the more you take out of it. It’s also one of the very few non-rap/beat-oriented
songs of the album all the way through. It’s only consisted of an acoustic
guitar, a bluesy electric guitar and a distant synth line that fades out
quickly. “Saturdays involved making our entrances into life outside” Frank
sings in a very quiet, vulnerable way.
Then the story of the song gets a very dark turn lyrically
as Frank describes the time when he made a sextape with his lover and rewatched
it to recapture the moment they had, but the “only difference is it’s flat.” A
simple yet absolutely crushing line that suggests that intimate moment may
never be recreated through rewatching a sextape. Then few moments later comes
the most stunning vocal range and high notes that Frank has ever delivered. It’s
so incredible. I cannot praise it enough but it’s something that needs to be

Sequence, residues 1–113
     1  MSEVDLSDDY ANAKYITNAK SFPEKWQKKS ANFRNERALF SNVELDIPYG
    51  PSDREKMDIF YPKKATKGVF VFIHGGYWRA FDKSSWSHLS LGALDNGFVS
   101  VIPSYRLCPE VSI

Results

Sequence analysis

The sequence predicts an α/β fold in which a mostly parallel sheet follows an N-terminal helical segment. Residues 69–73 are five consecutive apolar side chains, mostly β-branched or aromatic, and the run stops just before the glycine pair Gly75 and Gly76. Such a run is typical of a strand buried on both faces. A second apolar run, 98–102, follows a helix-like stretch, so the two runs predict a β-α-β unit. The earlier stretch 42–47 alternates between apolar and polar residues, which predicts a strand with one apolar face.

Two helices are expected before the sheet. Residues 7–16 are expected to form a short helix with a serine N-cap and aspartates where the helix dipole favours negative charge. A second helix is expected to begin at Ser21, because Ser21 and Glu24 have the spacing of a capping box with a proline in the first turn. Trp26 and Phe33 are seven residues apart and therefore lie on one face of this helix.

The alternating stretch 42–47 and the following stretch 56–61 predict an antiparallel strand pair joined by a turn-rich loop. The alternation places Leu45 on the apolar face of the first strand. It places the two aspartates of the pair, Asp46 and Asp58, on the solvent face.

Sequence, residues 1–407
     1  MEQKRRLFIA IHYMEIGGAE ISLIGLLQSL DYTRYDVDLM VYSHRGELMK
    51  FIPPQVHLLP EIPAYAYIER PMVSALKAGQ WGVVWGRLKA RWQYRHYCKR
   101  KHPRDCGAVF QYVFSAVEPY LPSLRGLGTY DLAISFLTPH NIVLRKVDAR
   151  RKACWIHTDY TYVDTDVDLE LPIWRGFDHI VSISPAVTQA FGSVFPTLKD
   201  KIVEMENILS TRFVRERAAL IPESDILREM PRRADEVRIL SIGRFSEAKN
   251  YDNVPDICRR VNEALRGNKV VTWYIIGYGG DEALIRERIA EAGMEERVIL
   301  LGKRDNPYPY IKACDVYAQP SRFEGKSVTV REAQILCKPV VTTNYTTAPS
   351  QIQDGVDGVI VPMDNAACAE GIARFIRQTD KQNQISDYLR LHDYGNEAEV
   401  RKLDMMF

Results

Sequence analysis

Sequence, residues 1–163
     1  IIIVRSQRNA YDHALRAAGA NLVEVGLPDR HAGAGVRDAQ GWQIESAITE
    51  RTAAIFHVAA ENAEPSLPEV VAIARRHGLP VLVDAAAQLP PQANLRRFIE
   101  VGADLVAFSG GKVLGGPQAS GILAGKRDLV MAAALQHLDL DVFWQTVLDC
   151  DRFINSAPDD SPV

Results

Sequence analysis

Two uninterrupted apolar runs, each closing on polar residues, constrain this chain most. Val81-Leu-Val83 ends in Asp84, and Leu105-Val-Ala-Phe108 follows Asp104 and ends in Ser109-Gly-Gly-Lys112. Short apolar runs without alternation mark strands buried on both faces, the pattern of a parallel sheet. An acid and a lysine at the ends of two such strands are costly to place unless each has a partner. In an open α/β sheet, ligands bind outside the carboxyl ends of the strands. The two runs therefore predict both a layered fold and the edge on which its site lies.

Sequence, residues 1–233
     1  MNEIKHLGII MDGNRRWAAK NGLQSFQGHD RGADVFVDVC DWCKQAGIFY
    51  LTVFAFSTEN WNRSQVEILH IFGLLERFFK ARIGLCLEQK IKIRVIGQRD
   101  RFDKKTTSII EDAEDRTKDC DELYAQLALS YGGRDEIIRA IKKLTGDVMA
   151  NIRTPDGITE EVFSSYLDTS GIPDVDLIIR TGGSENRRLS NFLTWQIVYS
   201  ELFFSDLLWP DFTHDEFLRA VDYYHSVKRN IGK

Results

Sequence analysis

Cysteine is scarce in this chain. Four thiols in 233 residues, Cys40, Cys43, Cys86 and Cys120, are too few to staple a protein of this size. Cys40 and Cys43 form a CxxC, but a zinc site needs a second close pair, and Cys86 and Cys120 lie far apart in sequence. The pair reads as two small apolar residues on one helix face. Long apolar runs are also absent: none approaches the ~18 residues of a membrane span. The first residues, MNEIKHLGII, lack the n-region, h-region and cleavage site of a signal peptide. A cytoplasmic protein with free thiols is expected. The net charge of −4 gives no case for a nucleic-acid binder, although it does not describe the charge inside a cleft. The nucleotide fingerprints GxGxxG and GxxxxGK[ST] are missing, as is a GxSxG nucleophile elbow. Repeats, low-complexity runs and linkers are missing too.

experienced rather than read about.
“Endless” is a challenging album because of its unconventional
structure and lyrics. None of the songs have a hook or chorus. They’re not
radio-friendly. The songs are very personal (Frank makes them sound personal even
if they are fiction). The sound of the album is very different than “Channel
Orange”. It’s more electronic and beats-oriented and despite the complexion of
most of the beats (particular “Higgs”) there’s always a sense of “space” in
every song, which adds to the lasting impact of the album long after it’s
finished. Malay, one of Frank’s frequent producers mentioned that the majority
of the album was made with a handheld mic in the control room. So you get a
sense that a lot of these lyrics were most likely sung in the moment, and you
might also notice some human error in the album as well, which makes the album
more human and intimate. Even if Frank doesn’t releases the “official”
follow-up to “Channel Orange” anytime soon, “Endless” once again proves Frank’s
magnificent artistry on all fronts.
From healers to dealers and then back again From guru to voodoo and voodoo to zen
With an echoing melody enough to make anyone feel like they need a Xanax, the track delves into a thoughtful narrative that’s supposed to be alarmingly relatable to a society running on prescriptions. Model and ex-lover Cara Delevigne makes an appearance on the song’s dizzying chorus. x